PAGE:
Pop Goes The Country is an ongoing series where I discuss country music’s biggest crossover hits.
This isn’t the first time we’ve discussed Glen Campbell in this feature, and it won’t be the last; though in this edition, we’ll discuss his signature song that has more to do with its writer than him. You see, while Campbell would call “Rhinestone Cowboy” his “philosophy song” in later years, which would also go on to become his biggest-selling hit, the song was written by Larry Weiss, a Los Angeles songwriter who moved out from New York in 1971.
Weiss, a former Broadway performer, hoped to write a song that would combine the hopes and fears of stardom in the image of a “rhinestone cowboy,” after overhearing someone use the phrase in conversation. In other words, the song was a happy accident, a recurring theme of this feature. So, by fantasizing about all of his cowboy heroes from his childhood, Weiss wrote what he’d hope would be his breakthrough hit. Remember, the big theme of crossover hits for country music in the ‘70s was that, for the most part, the hits reflected a combination of the artist’s childhood influences.
As you can already guess, though, that success didn’t happen, at least not for Weiss, himself. Released on 20th Century Records, “Rhinestone Cowboy” floundered on the charts. Fortunately, one of the small plays it did receive managed to reach Campbell, as he listened on KNX Radio in Los Angeles. Campbell could relate to the lyric about a country singer who’d seen it all, spending several years playing honky tonks in Albuquerque in the ‘50s and working as a demo singer, a staff writer and a session musician before hitting it big in the late ’60s, after he turned 30. Between shows on his 1974 Australian tour, Campbell would take the demo of the song he’d acquired and drive through the outback scenery between Sydney and Brisbane, learning the song on his car’s tape player.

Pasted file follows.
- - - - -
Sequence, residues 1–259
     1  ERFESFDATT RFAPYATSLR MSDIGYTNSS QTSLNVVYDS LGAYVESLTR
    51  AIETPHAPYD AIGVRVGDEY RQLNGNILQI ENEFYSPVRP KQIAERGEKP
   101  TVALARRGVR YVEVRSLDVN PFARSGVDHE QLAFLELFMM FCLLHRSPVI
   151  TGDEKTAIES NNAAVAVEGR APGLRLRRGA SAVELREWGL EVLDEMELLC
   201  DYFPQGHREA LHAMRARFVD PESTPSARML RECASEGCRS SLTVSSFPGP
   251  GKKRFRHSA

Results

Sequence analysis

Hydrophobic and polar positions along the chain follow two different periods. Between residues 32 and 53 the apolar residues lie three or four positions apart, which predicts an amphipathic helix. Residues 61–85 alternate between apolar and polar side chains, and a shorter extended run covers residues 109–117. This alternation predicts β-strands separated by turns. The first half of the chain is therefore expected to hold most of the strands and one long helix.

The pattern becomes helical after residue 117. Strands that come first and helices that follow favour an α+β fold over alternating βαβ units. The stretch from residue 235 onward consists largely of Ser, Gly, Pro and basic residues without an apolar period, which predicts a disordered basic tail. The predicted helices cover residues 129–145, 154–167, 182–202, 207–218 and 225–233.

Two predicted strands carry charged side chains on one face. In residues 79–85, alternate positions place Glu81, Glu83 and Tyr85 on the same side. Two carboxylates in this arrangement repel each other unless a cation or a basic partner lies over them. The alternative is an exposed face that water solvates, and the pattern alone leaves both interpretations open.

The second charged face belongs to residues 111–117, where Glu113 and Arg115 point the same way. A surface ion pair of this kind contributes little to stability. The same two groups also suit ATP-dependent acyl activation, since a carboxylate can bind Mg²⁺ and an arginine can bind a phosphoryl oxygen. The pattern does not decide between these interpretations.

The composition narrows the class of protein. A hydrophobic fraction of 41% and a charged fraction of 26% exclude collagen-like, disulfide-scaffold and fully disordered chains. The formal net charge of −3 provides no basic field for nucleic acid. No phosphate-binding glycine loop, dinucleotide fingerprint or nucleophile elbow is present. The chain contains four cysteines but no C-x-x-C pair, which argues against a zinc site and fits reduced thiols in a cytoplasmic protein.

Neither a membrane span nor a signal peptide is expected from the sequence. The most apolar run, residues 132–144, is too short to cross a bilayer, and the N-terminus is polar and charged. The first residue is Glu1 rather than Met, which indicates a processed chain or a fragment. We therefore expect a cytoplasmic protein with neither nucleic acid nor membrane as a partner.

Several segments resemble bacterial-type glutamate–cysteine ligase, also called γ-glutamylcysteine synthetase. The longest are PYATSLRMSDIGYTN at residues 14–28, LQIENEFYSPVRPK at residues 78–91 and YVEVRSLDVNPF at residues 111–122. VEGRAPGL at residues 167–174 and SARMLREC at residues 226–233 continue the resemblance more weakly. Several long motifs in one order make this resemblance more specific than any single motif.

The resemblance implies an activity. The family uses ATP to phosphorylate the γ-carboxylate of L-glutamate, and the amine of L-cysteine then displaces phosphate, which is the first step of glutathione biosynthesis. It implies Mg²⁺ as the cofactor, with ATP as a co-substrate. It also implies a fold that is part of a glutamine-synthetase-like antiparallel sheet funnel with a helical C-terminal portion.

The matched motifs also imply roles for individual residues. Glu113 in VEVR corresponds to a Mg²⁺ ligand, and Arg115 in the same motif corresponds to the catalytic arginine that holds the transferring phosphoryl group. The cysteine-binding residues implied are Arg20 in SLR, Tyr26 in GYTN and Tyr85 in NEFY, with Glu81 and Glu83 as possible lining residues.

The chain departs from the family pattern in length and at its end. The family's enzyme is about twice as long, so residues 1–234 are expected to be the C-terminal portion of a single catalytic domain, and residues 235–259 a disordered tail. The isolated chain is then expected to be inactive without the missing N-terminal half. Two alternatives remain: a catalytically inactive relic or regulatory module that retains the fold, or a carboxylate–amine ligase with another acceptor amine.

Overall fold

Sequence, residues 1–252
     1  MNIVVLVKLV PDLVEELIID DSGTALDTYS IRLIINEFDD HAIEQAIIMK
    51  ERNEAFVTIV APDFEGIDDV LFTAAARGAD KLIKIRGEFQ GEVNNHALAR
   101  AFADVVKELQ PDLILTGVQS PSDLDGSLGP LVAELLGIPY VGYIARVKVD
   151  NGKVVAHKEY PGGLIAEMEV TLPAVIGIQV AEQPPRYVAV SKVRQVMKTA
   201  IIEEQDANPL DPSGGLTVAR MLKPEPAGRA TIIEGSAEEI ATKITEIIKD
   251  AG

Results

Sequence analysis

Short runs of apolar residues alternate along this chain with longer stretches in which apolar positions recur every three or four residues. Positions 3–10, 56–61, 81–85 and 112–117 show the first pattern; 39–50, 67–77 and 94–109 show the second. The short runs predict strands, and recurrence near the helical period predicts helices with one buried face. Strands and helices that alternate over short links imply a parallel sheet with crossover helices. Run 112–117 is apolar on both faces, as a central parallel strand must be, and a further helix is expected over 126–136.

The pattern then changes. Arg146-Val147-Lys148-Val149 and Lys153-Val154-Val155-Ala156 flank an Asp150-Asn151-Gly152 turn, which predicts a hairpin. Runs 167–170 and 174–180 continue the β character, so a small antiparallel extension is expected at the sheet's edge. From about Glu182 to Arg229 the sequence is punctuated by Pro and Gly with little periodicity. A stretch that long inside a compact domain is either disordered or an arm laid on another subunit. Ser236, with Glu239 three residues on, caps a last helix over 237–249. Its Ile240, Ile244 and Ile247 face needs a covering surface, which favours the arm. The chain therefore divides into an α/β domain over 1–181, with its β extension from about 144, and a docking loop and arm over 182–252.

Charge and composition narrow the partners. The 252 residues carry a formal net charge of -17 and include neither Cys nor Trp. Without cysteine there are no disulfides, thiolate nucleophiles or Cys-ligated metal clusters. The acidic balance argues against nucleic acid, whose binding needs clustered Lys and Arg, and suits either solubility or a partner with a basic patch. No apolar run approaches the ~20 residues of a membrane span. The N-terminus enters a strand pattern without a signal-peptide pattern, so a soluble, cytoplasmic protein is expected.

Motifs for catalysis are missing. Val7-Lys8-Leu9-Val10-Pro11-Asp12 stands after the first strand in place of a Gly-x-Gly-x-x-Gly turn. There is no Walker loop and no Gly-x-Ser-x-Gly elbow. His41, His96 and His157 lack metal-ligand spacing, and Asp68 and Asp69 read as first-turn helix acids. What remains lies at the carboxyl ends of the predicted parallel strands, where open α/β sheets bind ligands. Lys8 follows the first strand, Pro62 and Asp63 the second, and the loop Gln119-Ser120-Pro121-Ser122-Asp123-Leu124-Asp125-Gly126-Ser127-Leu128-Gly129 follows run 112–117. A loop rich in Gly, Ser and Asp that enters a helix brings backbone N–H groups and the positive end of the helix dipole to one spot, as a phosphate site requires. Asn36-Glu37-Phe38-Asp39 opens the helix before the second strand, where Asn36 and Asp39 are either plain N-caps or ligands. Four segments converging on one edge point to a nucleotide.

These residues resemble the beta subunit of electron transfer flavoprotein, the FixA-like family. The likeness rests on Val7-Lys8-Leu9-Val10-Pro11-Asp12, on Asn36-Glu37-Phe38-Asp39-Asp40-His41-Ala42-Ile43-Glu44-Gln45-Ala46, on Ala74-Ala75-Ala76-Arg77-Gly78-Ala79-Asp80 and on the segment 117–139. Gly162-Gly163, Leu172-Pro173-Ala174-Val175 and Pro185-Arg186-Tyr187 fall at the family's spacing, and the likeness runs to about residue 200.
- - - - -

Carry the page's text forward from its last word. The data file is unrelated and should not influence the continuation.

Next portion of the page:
One popular rumor is that Weiss originally offered David Allan Coe the chance to record the song, given that he had a reputation as “The Mysterious Rhinestone Cowboy,” though this is hard to confirm. Either way, when Campbell returned to the United States, Capitol Records label song promoter Al Coury told Campbell he had a song he should hear that he thought would be a monster hit – that song, as if you couldn’t already guess, was “Rhinestone Cowboy.” Campbell simply laughed and told Coury he knew about the song and already planned to record it. The song wasn’t a guaranteed success for Campbell, though; his popular TV show had been canceled, acting gigs dried up, and he hadn’t had a hit since 1971. Ironically, though, that only added more authenticity to the story of a faded star hoping to make it big, especially when it went on to become Campbell’s biggest hit of his career. Join me next time on ‘Pop Goes The Country,’ where we’ll discuss John Denver and why he thanks God for making him a country boy.
This piece was written thanks to the following sources:
– Take this for what it’s worth, but certain fun facts stem from SongFacts.
– There wasn’t much other information floating around about this song, but Mark Tassler of KXRB has a nice write-up about the song here.
– Other facts about Glen Campbell are taken from The Encyclopedia of Country & Western Music by Rick Marschall.